HashGraph – Scalable Hash Tables Using A Sparse Graph Data Structure

Oded Green
arXiv:1907.02900 [cs.DS], (5 Jul 2019)


   title={HashGraph — Scalable Hash Tables Using A Sparse Graph Data Structure},

   author={Oded Green},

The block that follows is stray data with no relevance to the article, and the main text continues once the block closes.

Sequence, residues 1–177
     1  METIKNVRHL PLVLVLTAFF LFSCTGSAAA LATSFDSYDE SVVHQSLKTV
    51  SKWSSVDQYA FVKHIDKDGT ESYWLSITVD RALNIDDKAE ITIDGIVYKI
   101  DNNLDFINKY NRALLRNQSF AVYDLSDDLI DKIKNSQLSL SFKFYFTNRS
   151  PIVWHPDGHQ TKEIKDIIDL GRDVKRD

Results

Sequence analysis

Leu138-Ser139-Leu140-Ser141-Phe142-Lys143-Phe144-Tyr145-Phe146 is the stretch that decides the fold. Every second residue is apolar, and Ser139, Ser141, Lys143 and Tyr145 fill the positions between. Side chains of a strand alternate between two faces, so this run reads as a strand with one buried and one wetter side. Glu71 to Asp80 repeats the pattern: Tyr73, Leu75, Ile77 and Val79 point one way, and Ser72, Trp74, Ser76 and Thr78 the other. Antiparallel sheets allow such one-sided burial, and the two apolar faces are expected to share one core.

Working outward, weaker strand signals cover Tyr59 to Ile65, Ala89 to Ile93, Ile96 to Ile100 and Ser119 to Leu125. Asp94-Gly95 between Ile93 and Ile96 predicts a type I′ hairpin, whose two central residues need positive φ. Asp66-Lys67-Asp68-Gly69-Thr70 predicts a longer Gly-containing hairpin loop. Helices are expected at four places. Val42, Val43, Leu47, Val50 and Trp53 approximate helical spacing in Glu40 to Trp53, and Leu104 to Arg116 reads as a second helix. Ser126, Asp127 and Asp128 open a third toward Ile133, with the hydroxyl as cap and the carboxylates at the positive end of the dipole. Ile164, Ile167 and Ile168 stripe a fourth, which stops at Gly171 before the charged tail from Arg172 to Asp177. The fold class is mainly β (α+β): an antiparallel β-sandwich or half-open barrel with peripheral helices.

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Hash tables are ubiquitous and used in a wide range of applications for efficient probing of large and unsorted data. If designed properly, hash-tables can enable efficients look ups in a constant number of operations or commonly referred to as O(1) operations. As data sizes continue to grow and data becomes less structured (as is common for big-data applications), the need for efficient and scalable hash table also grows. In this paper we introduce HashGraph, a new scalable approach for building hash tables that uses concepts taken from sparse graph representations–hence the name HashGraph. We show two different variants of HashGraph, a simple algorithm that outlines the method to create the hash-table and an advanced method that creates the hash table in a more efficient manner (with an improved memory access pattern). HashGraph shows a new way to deal with hash-collisions that does not use "open-addressing" or "chaining", yet has all the benefits of both these approaches. HashGraph currently works for static inputs, though recent progress with dynamic graph data structures suggest that HashGraph might be extended to dynamic inputs as well. We show that HashGraph can deal with a large number of hash-values per entry without loss of performance as most open-addressing and chaining approaches have. Further, we show that HashGraph is indifferent to the load-factor. Lastly, we show a new probing algorithm for the second phase of value lookups. Given the above, HashGraph is extremely fast and outperforms several state of the art hash-table implementations. The implementation of HashGraph in this paper is for NVIDIA GPUs, though HashGraph is not architecture dependent. Using a NVIDIA GV100 GPU, HashGraph is anywhere from 2X-8X faster than cuDPP, WarpDrive, and cuDF. HashGraph is able to build a hash-table at a rate of 2.5 billion keys per second and can probe at nearly the same rate.
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